I recognized I had made a yogic breakthrough when I no longer wanted to smack my very loving cat the moment I rolled out my mat (Hey I rhymed!). Whenever I stretch down to floor level in a sun salutation, here comes Tiber, our overfed dog-like cat rolling, cooing, and running back and forth under my downward dog like I’m a playground bridge structure.
At the end of my practice, I meditate for a few minutes while Tiber purrs and occasionally makes his signature “chirping” noise that translates into, “Hhhey….Heeeey….Hey youuu.” With each chirp, he pats my knee with his claws half extended. It’s great. After many days of shooing him away, lightning struck. All of my Buddhism instruction talks about remaining in the moment while meditating, not closing your eyes and drifting off into philosophical la-la land, a common misconception. So Buddha Tiber (he has the belly for it) is the present moment saying, “Heeey…stop thinking about cleaning the floors. Hey, yes we still have cereal…heeeeeeeeeey, HEY.”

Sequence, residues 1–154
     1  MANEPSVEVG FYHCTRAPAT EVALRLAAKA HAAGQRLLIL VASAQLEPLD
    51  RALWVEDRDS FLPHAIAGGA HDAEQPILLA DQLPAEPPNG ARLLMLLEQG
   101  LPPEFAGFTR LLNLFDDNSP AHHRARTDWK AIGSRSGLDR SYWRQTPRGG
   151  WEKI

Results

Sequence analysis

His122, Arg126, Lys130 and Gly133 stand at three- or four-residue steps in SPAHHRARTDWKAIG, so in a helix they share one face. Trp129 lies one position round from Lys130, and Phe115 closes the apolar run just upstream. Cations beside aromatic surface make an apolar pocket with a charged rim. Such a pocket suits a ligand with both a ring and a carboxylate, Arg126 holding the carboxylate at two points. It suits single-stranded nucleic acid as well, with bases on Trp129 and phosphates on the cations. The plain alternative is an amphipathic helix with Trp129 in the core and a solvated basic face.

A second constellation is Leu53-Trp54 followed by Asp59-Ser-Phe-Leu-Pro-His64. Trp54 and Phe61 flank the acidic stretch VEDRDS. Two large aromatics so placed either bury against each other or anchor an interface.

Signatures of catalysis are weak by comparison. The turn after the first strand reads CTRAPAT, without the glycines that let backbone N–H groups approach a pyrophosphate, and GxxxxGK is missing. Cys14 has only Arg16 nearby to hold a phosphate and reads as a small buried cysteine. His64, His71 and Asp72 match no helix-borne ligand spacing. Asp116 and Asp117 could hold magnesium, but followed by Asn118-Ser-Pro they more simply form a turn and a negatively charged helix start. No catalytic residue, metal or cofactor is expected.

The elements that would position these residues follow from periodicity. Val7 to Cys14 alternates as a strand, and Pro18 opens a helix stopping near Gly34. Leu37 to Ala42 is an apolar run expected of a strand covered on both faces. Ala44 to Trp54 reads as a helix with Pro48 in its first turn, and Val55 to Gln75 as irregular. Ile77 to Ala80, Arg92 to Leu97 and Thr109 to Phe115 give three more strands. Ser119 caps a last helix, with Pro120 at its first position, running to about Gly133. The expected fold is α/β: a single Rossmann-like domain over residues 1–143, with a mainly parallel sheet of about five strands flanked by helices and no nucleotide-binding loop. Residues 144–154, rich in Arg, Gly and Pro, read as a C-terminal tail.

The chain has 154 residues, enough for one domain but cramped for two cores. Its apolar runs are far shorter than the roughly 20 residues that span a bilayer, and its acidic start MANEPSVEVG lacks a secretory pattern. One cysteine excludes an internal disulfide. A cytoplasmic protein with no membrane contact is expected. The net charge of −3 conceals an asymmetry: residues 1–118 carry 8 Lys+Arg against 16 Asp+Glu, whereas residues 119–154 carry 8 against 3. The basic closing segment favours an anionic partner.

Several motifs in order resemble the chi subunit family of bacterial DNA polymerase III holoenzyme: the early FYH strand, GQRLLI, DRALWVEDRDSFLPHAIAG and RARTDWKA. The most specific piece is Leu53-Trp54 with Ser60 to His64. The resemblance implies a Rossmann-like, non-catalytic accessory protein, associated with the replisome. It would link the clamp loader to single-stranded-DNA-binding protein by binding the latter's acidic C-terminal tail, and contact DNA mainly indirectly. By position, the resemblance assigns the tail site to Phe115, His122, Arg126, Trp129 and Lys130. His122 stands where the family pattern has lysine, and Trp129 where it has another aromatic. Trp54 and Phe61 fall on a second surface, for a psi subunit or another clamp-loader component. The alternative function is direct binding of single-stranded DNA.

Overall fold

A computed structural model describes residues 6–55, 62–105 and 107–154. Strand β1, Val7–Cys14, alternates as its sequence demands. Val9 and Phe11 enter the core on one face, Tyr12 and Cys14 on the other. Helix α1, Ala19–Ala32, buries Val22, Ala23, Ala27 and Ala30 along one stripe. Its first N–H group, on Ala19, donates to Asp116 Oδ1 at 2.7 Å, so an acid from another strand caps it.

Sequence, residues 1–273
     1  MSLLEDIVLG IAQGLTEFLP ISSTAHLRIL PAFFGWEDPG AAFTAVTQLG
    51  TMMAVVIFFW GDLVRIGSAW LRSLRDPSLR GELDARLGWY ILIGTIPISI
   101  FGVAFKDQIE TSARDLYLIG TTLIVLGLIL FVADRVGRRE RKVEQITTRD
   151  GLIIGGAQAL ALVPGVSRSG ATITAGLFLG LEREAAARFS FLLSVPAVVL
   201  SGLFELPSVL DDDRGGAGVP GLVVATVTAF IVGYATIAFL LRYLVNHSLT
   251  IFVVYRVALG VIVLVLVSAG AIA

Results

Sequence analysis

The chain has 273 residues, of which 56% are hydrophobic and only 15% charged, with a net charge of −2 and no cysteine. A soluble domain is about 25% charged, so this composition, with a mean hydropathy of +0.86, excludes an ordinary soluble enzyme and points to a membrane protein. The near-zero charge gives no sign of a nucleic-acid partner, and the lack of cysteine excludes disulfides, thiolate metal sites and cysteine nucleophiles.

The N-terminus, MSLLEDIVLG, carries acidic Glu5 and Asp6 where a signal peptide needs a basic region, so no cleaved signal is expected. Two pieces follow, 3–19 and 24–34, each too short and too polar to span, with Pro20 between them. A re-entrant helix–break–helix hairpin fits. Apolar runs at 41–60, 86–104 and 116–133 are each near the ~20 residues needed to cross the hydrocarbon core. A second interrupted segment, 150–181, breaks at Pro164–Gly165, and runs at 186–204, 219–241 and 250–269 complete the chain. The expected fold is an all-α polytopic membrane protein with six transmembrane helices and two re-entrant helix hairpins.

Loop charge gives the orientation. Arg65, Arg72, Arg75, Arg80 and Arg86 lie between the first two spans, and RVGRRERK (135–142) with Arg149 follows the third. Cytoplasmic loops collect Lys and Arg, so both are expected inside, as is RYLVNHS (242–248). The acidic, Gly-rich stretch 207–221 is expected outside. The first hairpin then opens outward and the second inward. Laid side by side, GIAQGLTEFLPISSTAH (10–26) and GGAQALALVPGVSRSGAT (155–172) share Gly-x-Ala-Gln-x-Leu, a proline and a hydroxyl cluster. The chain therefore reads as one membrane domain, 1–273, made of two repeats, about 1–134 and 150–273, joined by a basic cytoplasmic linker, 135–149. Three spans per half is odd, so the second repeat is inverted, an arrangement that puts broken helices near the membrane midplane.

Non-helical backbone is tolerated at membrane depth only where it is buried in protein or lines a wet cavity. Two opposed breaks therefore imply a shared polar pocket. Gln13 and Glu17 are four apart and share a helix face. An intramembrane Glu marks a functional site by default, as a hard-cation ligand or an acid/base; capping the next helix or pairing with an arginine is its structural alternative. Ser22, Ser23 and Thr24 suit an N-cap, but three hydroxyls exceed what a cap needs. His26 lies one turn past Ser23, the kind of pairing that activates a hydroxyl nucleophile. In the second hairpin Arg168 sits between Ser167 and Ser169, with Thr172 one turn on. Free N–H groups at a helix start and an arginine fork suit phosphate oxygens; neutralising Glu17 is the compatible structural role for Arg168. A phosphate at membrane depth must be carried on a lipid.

When I thought of this, I chuckled, gave him a pat, and he stopped chirping. He purred, which was way more calming than my spastic thoughts.
Cats: Better than Overpriced Yoga Props
Since I have learned to work with my furry yoga partner, I have been noticing other helpful things about his distractions. He is often standing exactly where I was about to put my foot, causing me to have to look where I am placing it. This was often mentioned in yoga classes I took anyway, but I never really understood its importance. When I look before I place, much like spotting in dance, I see where I am headed and have less of a chance of flailing around like a drunk person.